California Sober: Genuine Recovery Alternative or Slippery Slope?

Is California sober an authentic path to recovery from opioid addiction or a dangerous form of denial?

A “kinder, gentler” alternative to total abstinence or just an “excuse to get high”?

Opinions run strong on California sober, the practice of abstaining from all drugs — opioids, meth, cocaine, alcohol — except marijuana or psychedelics.

The idea is to use cannabis in a way that enhances your life rather than consumes it, while avoiding the substances that so often lead to despair, overdose, and death.

If you’re struggling with opioid addiction, you may wonder: Could California sober work for me?  

The answer may depend on your addiction history, goals, reasons for using marijuana or psychedelics, and ability to control your use — all topics to evaluate honestly and with your provider.

But know this: If you continue to use marijuana while in treatment for opioid use disorder (OUD), providers at Ideal Option will support you.

“Patients who test positive for marijuana can still progress through the stages of recovery from OUD,” affirms Brian Dawson, M.D., chief medical officer at Ideal Option and an addiction medicine specialist.

While cannabis can be addictive and poses a number of health risks, it’s clearly less dangerous than opioids.

“Opioid use disorder is life threatening,” says Dr. Dawson. “Pot use, alone, is not.”

California Sober and Celebrities in Recovery

The California sober controversy has played out publicly, with dueling takes from celebrities who’ve ventured down that path.

It was music journalist Michelle Lhooq who first popularized “Cali sober,” back in 2019, when she moved to California and gave up opioids, cocaine, alcohol and all other drugs except pot and psychedelics.

She called California sober a “kinder, gentler” way to achieve spiritual fulfillment.

In 2021, singer Demi Lovato followed suit, three years after a fentanyl overdose nearly killed her. Lovato’s song “California Sober” calls this way of life “a beautiful and magical beginning.”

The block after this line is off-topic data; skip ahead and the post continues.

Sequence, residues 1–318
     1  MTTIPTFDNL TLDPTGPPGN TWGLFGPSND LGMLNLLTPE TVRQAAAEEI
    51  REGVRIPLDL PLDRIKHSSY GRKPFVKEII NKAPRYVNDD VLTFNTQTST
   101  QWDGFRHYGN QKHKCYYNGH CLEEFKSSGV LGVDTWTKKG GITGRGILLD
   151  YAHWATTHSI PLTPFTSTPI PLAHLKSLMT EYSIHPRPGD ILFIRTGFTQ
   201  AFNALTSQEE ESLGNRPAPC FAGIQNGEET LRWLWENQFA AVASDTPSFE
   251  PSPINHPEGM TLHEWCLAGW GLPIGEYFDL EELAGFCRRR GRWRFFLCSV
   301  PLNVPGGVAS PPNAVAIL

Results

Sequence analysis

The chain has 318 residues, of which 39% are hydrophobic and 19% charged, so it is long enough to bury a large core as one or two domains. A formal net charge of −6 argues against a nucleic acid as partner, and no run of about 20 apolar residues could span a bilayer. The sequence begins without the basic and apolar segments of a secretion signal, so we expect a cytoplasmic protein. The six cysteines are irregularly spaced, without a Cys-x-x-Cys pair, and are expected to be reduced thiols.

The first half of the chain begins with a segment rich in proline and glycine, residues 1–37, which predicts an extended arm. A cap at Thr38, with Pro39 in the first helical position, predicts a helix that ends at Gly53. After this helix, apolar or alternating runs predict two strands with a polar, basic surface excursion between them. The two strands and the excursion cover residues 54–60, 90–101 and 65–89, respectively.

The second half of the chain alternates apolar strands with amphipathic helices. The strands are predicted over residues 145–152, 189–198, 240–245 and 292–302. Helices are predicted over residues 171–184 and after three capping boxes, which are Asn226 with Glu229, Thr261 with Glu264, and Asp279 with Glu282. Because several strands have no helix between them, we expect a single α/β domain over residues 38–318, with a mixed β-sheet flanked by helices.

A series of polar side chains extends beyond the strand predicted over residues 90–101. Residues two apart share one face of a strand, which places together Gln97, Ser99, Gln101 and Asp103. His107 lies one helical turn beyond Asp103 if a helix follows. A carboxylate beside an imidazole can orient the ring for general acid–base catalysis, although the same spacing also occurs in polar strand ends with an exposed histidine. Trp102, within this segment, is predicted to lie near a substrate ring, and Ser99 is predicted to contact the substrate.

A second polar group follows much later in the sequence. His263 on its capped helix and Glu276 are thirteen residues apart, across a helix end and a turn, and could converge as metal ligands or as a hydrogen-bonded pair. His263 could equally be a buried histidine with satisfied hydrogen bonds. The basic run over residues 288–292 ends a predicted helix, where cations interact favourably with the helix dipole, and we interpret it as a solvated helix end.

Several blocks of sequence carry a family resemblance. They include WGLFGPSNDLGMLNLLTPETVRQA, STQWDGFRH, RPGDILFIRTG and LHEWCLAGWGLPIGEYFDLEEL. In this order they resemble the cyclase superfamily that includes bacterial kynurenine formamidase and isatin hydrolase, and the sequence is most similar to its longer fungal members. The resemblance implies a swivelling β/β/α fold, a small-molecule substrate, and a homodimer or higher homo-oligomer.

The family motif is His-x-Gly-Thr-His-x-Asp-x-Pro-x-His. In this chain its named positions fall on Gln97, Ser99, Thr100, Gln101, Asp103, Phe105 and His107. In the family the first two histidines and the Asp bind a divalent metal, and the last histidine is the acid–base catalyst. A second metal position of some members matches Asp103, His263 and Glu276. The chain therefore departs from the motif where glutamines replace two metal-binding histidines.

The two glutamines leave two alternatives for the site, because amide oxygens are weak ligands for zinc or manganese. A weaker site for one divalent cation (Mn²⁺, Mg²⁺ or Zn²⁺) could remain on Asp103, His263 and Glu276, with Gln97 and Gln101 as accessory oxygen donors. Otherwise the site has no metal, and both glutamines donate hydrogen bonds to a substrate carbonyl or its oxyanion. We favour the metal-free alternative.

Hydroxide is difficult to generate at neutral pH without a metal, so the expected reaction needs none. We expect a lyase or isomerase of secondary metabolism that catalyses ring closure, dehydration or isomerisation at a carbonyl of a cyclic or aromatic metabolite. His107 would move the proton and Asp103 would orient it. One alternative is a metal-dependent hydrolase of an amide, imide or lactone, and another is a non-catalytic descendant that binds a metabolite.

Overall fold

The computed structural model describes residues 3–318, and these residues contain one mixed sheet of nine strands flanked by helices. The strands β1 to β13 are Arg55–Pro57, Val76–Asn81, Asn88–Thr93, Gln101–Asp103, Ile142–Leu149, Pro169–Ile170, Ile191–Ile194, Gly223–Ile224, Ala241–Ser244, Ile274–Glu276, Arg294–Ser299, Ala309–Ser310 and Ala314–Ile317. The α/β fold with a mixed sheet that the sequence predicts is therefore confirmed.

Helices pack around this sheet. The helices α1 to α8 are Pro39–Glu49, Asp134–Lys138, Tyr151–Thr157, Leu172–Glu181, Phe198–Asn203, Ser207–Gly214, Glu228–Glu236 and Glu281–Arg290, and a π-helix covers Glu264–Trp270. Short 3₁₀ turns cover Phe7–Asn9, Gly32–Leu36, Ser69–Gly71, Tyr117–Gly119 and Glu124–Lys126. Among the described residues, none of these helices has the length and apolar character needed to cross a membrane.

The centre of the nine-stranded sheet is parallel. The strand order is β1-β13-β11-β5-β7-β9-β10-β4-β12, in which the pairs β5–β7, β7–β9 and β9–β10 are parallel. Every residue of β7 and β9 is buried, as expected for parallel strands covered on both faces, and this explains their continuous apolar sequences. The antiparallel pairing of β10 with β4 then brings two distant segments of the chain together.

A few months later, Lovato changed her tune. “Sober sober is the only way to be,” she posted on Instagram.

In 2022, another celebrity proponent of California sober, pop singer Aaron Carter, insisted the “Cali sober method” had helped him after five stints in rehab had not.   

“I actually just hit five years clean,” he announced.

Five days later, Carter drowned in his bathtub, an accident caused by sedatives and gas he’d inhaled from a spray can.

Clearly, for some, California sober is a mirage. Others say using marijuana allows them to thrive in recovery.

Still, it’s important to understand the risks — of cannabis itself and of continuing to use one potentially addictive substance while abstaining from another.

For one thing, today’s marijuana is not your parents’ pot.

“Marijuana today has much higher THC concentrations than in the past,” says Dr. Dawson.

Today’s highly potent pot is more likely than earlier varieties to trigger psychosis, paranoia, and depression.

And these days, marijuana is sometimes mixed with other substances, even fentanyl or meth. “You don’t necessarily know what you’re getting,” Dr. Dawson cautions.

Anyone who uses marijuana should get it from a licensed dispensary, he advises.